Small classes and workshops led by working artists shape the programming here: Classes take place on a 50-acre farm site in Massachusetts’ Pioneer Valley, near Springfield. Snow Farm emphasizes inclusivity and has programming options designed to welcome students and instructors of color.

A group of artists founded this community-centered school more than 40 years ago, with the intention of bringing joy, creativity, and ceramics instruction to all Baltimore area residents. Take a sculpture class in-person or online, and bring your project to the Clay Works community woodfire event.

This coastal Maine school blends innovation with tradition: Through a partnership with MIT, Haystack has a fabrication lab that all students may use, as well as a range of programming options from in-person residencies to community events. Focus areas include blacksmithing, ceramics, and woodwork.

Learn how to make chainmail or study the art of repairing broken pieces of pottery at this rural New Jersey folk school. Other course offerings include darning, woodshop specifically for women and trans/nonbinary people, and beginning, hands-on blacksmithing, among many other options. The school also hosts residencies and off-campus trips.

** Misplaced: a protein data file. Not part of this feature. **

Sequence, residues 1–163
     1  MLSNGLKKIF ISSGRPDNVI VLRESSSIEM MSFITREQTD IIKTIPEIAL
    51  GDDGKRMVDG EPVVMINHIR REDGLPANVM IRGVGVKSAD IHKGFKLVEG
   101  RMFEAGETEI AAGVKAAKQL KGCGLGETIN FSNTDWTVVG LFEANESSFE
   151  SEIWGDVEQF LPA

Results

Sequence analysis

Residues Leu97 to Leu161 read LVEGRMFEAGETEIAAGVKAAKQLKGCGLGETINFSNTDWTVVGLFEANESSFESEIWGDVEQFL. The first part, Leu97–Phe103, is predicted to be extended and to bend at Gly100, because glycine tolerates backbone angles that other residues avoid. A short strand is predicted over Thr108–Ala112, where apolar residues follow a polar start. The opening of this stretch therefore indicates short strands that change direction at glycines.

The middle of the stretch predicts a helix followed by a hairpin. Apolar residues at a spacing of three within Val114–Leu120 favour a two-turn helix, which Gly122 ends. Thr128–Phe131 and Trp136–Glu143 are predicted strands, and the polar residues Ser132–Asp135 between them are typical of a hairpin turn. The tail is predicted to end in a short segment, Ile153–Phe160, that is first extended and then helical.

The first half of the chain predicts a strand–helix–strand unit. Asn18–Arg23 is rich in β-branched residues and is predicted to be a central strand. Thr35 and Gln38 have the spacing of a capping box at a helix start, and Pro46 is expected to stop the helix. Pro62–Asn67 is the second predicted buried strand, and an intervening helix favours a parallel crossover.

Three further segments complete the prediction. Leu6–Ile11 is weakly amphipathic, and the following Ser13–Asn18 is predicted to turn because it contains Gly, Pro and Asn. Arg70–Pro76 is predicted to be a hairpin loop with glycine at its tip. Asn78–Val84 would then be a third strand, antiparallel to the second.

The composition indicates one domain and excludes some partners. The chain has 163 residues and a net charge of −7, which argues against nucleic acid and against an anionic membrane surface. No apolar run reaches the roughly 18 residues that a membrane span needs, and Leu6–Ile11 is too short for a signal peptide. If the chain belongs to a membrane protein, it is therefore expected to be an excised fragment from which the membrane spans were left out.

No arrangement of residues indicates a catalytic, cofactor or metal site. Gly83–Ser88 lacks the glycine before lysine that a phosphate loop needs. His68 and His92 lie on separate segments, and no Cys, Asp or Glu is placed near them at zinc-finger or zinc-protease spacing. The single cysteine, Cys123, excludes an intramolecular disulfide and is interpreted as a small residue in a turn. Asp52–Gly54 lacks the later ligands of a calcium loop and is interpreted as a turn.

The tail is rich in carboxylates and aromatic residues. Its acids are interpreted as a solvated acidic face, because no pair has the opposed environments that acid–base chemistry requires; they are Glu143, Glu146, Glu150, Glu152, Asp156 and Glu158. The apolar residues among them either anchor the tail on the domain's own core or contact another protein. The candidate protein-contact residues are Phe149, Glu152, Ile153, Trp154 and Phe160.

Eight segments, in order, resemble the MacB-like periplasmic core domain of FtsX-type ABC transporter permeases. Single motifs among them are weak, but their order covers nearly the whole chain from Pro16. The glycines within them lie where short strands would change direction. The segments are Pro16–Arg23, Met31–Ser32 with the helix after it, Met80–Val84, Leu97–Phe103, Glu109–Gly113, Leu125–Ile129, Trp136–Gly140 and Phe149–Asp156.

Set in New York’s Adirondack Park, this folk school offers classes and events that reflect this region’s unique ecosystem and cultural traditions. Participants can make an Adirondack chair, learn paddle-building techniques, or take a woodcarving class, among many other options.

Once an outpost in the back of a grocery store, the Appalachian Arts center is now an extensive, education-focused craft center with deep roots in the local community. Take a class in gourd art, learn how to paint using flowers from the garden, or explore many of the other folk school offerings here.

This school has an emphasis on homesteading skills, including the care and keeping of animals, cheese-making, and organic gardening. Ploughshare also offers courses in blacksmithing, woodworking, and fiber arts, among many others, amid a self-sustaining, intentional community.

Explore Early American decoration techniques, or a take course in silversmithing, basketry, or quilting in a historical farm setting. This school offers a range of immersive courses in locally themed craft pursuits, including Native American Arts and Crafts.